Only a few days to go: We’re raising £25,000 to keep TheyWorkForYou running and make sure people across the UK can hold their elected representatives to account.Donate to our crowdfunder
I beg to move amendment 44, page 51, line 28, schedule 2, leave out ‘As soon as possible after’ and insert ‘Within three months of’.
I want to test the Minister on whether a time scale is needed in respect of the annual report, because otherwise the report could be published at any time; it could be 11 months after the end of the financial year, or even more than a year after the end of the financial year. There is no time limit under the clause. I am happy for the Minister to indicate whether he would agree to a time limit; three months was a random period, plucked from the air as a debating point. Will he agree to tightening up the measure slightly so that there is a firmer time scale?
The amendment is completely understandable, but I want to explain briefly why the Government prefer the Committee not to accept it. As is the case for all Departments, the National Crime Agency will publish an annual report and accounts prepared in accordance with the Government Resources and Accounts Act 2000. The annual report and accounts, once audited by the National Audit Office, will be laid before Parliament following the end of each financial year. As a non-ministerial Department, the National Crime Agency will be under the same obligation as all other Departments.
Clearly, it is good practice for annual reports to be published as quickly as possible after the end of the financial year and the Bill, as drafted, reflects that by requiring the director general to issue the annual report “as soon as possible” after the end of each financial year. We expect, in most cases, that the NCA’s annual report would be laid before Parliament certainly before the summer recess, which typically begins in July of each year. That has been the case with the Serious Organised Crime Agency, and is approximately within the three to four-month time frame that the right hon. Gentleman set out in the amendment.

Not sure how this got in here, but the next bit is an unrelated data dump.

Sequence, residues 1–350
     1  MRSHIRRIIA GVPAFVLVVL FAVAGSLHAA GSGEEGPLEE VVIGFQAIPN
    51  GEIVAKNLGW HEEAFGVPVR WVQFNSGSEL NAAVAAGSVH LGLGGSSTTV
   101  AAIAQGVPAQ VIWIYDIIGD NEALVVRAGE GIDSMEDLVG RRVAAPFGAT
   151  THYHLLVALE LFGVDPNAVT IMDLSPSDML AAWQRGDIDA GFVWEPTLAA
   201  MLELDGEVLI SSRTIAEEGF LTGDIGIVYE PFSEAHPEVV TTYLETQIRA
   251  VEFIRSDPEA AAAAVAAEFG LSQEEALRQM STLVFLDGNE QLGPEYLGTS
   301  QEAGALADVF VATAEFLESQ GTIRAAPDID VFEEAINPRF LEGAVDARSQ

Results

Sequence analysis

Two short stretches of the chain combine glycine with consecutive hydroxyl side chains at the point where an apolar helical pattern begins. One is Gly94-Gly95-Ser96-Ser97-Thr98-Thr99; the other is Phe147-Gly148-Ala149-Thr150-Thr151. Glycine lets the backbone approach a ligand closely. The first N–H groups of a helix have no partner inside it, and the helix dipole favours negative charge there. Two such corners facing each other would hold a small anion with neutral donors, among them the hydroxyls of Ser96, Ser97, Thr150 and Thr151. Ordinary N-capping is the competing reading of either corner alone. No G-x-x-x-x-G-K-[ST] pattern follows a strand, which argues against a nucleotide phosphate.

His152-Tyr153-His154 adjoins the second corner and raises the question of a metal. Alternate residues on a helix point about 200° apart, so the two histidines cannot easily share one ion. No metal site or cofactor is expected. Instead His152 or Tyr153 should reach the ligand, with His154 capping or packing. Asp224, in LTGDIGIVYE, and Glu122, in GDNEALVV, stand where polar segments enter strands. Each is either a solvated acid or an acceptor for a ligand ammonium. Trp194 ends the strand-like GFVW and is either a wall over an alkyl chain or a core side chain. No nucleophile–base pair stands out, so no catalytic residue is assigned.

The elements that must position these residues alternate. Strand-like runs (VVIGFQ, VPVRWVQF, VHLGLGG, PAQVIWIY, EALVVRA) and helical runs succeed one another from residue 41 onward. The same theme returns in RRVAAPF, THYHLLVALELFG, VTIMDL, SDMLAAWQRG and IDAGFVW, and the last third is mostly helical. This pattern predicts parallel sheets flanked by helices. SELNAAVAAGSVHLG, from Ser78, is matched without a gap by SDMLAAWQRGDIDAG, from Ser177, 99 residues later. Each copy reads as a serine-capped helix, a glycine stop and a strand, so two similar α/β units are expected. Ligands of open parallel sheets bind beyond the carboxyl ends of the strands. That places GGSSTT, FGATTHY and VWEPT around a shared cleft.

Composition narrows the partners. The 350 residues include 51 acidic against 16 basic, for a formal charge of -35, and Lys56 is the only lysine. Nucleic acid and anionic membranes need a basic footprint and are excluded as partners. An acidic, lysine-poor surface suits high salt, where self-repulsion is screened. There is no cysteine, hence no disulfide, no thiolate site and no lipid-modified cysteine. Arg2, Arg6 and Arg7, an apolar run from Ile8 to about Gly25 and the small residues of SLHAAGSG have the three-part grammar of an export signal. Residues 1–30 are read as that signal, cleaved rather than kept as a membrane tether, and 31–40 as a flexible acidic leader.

It would be inappropriate for the Bill to be completely prescriptive as there might be cases, for whatever reason, when it was simply not possible to publish the annual report within that timetable. To tie the NCA to a statutory legal requirement of a three-month window would be unhelpful but, that said, I do not disagree with the broad principle underlining the amendment, and our intention is to act within that time scale.
I remind the right hon. Gentleman that the Serious Organised Crime and Police Act 2005—this may be a familiar refrain for him—used a similar formula to that used under the Bill; SOCA is similarly required to issue its annual report as soon as possible after the end of the financial year. That being the case, that formula, put forward by the previous Government, has much to recommend it. Our view is to be helpful and as speedy as possible, but not to be tied to the time scale under the proposal. On that basis, I hope that the right hon. Gentleman agrees to withdraw the amendment.
As an aside, so that the Minister does not keep throwing previous Acts at me, if Governments always kept to everything that previous Governments said, there would be no progress and no changes would ever be made to legislation. It is possible to amend legislation that the Labour Government or, even dare I say it, previous Tory Governments brought in without it being a cardinal, criminal offence. Perhaps the Minister would like to table a new clause to that effect later. I was in Northern Ireland at the time, so I was not even responsible for that particular Bill.
The point has been made. We simply wanted clarity. The Minister said that the annual report would usually be produced by the summer recess, which is about a three-month period. On that basis, I beg to ask leave to withdraw the amendment.